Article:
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Needle thoracostomy

Clinical effectiveness is improved using a longer angiocatheter

Aho, Johnathon M. MD; Thiels, Cornelius A. DO; El Khatib, Moustafa M. MBBCh; Ubl, Daniel S.; Laan, Danuel V. MD; Berns, Kathleen S. APRN; Habermann, Elizabeth B. PhD; Zietlow, Scott P. MD; Zielinski, Martin D. MD

Journal of Trauma and Acute Care Surgery: February 2016 - Volume 80 - Issue 2 - p 272–277
doi: 10.1097/TA.0000000000000889
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BACKGROUND Decompression of tension physiology may be lifesaving, but significant doubts remain regarding ideal needle thoracostomy (NT) catheter length in the treatment of tension physiology. We aimed to demonstrate increased clinical effectiveness of longer NT angiocatheter (8 cm) compared with current Advanced Trauma Life Support recommendations of 5-cm NT length.

METHODS This is a retrospective review of all adult trauma patients from 2003 to 2013 (age > 15 years) transported to a Level I trauma center. Patients underwent NT at the second intercostal space midclavicular line, either at the scene of injury, during transport (prehospital), or during initial hospital trauma resuscitation. Before March 2011, both prehospital and hospital trauma team NT equipment routinely had a 5-cm angiocatheter available. After March 2011, prehospital providers were provided an 8-cm angiocatheter. Effectiveness was defined as documented clinical improvement in respiratory, cardiovascular, or general clinical condition.

RESULTS There were 91 NTs performed on 70 patients (21 bilateral placements) either in the field (prehospital, n = 41) or as part of resuscitation in the hospital (hospital, n = 29). Effectiveness of NT was 48% until March 2011 (n = 24). NT effectiveness was significantly higher in the prehospital setting than in the hospital (68.3% success rate vs. 20.7%, p < 0.01). Patients who underwent NT using 8 cm compared with 5 cm were significantly more effective (83% vs. 41%, respectively, p = 0.01). No complications of NT were identified in either group.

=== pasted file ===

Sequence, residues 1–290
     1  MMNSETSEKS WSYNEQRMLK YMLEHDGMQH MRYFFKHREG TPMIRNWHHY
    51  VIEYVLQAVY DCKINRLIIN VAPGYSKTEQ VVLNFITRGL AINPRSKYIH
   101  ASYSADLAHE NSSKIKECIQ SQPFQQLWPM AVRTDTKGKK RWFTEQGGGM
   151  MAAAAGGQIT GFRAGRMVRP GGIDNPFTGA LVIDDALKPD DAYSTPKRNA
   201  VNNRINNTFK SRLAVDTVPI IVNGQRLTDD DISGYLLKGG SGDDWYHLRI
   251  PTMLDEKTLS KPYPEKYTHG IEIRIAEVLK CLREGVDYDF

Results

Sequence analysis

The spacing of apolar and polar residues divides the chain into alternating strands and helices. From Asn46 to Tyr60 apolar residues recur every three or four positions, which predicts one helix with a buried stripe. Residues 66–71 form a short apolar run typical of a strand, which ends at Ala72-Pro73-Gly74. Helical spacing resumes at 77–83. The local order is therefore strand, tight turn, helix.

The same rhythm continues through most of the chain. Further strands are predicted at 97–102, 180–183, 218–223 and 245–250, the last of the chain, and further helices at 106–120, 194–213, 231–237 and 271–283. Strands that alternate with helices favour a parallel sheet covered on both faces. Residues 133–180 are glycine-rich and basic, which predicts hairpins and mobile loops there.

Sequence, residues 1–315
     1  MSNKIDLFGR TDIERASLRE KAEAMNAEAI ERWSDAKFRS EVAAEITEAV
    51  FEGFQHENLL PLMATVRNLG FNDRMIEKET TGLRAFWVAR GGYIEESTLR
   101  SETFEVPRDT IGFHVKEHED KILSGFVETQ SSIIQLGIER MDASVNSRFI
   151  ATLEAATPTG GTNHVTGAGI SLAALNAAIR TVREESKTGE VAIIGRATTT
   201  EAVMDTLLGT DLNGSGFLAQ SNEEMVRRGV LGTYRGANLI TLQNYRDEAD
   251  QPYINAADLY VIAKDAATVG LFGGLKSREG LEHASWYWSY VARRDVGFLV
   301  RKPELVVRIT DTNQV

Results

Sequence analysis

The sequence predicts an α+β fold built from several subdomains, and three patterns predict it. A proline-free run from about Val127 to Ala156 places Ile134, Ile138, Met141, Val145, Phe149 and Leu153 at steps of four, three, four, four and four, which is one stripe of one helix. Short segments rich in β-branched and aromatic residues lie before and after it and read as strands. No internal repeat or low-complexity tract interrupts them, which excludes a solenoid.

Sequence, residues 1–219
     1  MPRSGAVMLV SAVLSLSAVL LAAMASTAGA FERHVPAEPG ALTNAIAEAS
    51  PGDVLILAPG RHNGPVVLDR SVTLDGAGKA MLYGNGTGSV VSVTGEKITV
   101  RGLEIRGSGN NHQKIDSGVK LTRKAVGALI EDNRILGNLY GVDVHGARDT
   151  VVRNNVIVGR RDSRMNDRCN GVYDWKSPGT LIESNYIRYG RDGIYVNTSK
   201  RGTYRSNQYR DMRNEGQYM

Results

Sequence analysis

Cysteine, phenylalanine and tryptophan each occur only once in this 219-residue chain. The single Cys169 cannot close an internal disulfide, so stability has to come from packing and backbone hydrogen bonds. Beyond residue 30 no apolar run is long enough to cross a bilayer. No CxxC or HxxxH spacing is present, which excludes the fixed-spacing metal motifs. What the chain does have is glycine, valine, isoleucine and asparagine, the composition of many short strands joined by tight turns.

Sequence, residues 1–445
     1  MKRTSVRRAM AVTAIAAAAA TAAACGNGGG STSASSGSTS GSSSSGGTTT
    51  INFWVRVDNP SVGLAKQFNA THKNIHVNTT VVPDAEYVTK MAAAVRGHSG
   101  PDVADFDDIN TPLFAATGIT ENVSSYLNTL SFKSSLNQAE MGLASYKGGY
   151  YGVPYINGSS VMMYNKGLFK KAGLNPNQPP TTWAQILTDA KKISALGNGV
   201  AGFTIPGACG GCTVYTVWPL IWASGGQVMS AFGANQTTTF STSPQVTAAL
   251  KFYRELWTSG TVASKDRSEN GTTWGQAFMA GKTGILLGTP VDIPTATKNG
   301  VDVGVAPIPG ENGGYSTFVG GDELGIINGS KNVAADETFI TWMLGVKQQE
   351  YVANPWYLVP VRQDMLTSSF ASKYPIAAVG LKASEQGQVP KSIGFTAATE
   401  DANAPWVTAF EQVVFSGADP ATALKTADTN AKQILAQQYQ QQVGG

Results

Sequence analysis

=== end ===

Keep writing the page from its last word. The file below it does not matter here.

CONCLUSION Eight-centimeter angiocatheters are more effective at chest decompression compared with currently recommended 5 cm at the second intercostal space midclavicular line.

LEVEL OF EVIDENCE Therapeutic study, level IV.

From the Department of Surgery (J.M.A., C.A.T., M.M.E.K., D.L.), Biomedical Engineering and Physiology (J.M.A.), Robert D. and Patricia E. Kern Center for the Science of Health Care Delivery (C.A.T., D.U., E.B.H.), Division of Trauma, Critical Care, and General Surgery (K.S.B., S.P.Z., M.Z.), Mayo Clinic, Rochester, Minnesota.

Submitted: June 1, 2015, Revised: July 30, 2015, Accepted: September 2, 2015.

Selected data from this work were presented in abstract form only as quality improvement projects at 2015 Mayo Clinic Quality Conference: Perspectives on Quality in the Care of Specific Patient Populations, March 16, 2015, Rochester, Minnesota, and the resident section of the American Medical Association Meeting, November 7, 2014, in Dallas Texas.

The contents of this article are solely the responsibility of the authors and do not necessarily represent the official view of NIH.

Supplemental digital content is available for this article. Direct URL citations appear in the printed text, and links to the digital files are provided in the HTML text of this article on the journalâ€(tm)s website (www.jtrauma.com).

Address for reprints: Martin D. Zielinski, MD, 200 First St SW, Rochester, MN 55905; email: zielinski.martin@mayo.edu.

© 2016 Lippincott Williams & Wilkins, Inc.